…the rest of us just need a job, and we pack passion in our lunch pails as part of finding joy in daily living.
THE MYTH OF SISYPHUS
Sisyphus was a brilliant king and founder of ancient Corinth. According to Greek mythology, he was condemned for eternity to push a rock up a hill, only to let it roll down the hill and then push it back up again.
It is very easy for anyone to get to feeling that way about his or her own life: Same hill, same rock, different day.
French writer/philosopher Albert Camus wrote a great essay called “The Myth of Sisyphus.” With a beginner’s understanding of French, I read the essay in French. The experience was kind of fun and all the words I learned did not hurt yet limited French vocabulary.
Before you say hot-diggity, a great book to read, and then go out and buy a copy, please let me warn you that of “The Myth of Sisyphus” is the most never really read pieces of literature in the world. The subject of the book deals with that dreary period of philosophy and literature in the late 1900′s and early to mid-20th century when a group of disillusioned geniuses pronounced life as pointless to the point of absurdity and that we should all rush along and die.
The reason that I say that “The Myth of Sisyphus” is the most never really read piece of literature in the world is that every person I have ever heard discuss it has the conclusion backwards. The book evaluates all the life is absurd philosophers and looks at their point of view over the first three of four chapters.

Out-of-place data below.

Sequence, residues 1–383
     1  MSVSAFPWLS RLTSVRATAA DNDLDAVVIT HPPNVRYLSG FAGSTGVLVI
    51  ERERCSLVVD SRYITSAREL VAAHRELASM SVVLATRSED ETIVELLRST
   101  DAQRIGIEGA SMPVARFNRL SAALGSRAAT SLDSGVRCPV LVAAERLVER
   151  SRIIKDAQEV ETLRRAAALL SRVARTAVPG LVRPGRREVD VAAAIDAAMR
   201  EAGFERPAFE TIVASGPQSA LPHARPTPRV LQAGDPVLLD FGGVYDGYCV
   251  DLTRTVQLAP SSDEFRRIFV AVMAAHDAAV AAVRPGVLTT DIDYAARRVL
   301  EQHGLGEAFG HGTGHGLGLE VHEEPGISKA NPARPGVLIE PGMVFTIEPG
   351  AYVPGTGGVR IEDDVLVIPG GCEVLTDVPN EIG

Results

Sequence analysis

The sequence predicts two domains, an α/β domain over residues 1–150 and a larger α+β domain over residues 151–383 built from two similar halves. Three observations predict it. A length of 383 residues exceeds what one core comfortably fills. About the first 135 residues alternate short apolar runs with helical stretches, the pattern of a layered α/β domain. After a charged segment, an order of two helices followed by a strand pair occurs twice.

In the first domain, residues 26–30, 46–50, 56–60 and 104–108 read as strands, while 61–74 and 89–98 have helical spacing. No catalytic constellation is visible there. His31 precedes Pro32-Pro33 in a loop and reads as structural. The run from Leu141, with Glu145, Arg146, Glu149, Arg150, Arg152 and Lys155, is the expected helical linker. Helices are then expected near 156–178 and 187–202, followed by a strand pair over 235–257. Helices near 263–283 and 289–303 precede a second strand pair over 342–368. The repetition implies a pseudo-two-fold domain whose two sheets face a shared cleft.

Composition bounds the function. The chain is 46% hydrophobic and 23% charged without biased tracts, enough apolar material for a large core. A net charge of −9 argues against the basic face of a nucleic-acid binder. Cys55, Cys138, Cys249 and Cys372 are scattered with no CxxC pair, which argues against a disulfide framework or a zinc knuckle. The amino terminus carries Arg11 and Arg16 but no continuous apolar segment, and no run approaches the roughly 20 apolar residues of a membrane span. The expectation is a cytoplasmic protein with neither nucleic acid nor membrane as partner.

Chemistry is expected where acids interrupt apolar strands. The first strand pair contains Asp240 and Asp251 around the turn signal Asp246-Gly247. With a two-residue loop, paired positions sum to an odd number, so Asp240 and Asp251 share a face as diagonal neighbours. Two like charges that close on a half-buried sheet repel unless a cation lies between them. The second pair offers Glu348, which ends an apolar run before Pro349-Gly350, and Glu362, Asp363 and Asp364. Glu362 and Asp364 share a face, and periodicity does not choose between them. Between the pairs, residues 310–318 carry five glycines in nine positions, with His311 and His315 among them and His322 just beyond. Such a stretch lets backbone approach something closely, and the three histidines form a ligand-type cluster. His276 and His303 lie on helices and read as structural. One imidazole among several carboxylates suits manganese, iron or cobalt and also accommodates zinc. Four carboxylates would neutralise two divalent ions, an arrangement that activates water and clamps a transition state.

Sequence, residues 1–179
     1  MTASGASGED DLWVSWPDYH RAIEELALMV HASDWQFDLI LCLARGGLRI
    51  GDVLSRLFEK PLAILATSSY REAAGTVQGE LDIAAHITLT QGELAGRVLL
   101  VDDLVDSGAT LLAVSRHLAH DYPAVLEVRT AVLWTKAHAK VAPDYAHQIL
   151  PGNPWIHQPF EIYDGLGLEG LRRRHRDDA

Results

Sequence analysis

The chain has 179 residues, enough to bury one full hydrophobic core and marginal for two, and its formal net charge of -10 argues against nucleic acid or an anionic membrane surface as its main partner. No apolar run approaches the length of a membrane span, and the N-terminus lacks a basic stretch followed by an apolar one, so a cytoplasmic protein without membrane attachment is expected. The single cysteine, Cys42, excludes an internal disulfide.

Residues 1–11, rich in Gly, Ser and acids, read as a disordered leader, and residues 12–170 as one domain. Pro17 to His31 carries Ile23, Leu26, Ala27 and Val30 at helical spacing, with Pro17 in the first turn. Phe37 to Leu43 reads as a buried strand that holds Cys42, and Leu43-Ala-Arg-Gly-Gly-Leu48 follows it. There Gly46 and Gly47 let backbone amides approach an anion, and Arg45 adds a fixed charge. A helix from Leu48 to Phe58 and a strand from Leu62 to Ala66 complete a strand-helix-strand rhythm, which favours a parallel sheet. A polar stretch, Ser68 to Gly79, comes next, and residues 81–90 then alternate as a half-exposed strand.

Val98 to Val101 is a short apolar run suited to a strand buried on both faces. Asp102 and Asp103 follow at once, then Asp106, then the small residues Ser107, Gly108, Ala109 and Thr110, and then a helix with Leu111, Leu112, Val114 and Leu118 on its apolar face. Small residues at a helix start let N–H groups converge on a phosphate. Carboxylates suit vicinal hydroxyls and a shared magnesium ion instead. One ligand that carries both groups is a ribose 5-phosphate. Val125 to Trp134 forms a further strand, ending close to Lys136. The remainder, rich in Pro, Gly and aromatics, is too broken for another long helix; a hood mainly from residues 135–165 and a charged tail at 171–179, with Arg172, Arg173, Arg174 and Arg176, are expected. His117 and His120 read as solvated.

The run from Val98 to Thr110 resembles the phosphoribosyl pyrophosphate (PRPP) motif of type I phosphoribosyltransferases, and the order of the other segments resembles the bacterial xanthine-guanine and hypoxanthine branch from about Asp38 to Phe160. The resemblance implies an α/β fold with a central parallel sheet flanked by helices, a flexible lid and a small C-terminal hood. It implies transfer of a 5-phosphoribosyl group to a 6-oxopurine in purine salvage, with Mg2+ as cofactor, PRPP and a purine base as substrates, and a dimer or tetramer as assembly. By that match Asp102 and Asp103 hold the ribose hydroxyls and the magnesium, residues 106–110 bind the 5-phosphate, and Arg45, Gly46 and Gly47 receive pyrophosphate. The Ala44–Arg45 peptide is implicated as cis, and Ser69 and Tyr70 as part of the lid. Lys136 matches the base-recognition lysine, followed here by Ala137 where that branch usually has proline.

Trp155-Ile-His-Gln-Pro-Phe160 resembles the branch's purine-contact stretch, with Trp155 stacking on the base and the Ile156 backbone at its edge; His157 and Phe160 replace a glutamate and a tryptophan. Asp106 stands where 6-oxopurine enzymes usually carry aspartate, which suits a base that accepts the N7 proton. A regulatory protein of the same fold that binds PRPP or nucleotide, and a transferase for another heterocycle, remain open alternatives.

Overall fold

In chapter four, however, Camus says that the only logical way to view Sisyphus and therefore to view life is to look at the flowing moments between Sisyphus and the rock. From Camus’s point of view, the joy in Sisyphus’s eternity was not reaching the top of the hill and then finding despair in letting the rock roll back down the hill. The joy in Sisyphus’s eternity is in pushing the rock.
Nearly everyone has experienced the disappointment at least once if not more often of reaching a goal only to find they had to move onto another goal. Goals are like meals and showers. You are always going to need another one.
The joy is work involved in going for the goal and then getting up the next day and going for another one. True some goals are once in a lifetime goals and can have great value. Sisyphus founded Corinth. That was a pretty deal goal.
Yet if you study enough about ol’ Sisyphus, he reveled in handcuffing Hades and in tricking Hades to believe that Sisyphus was not dead. He was cunning, and he was a make it happen guy who loved doing and probably set up the whole rock thing for his own eternity. I hope you can see the joy in pushing your rock.
The World’s Noblest Headhunter.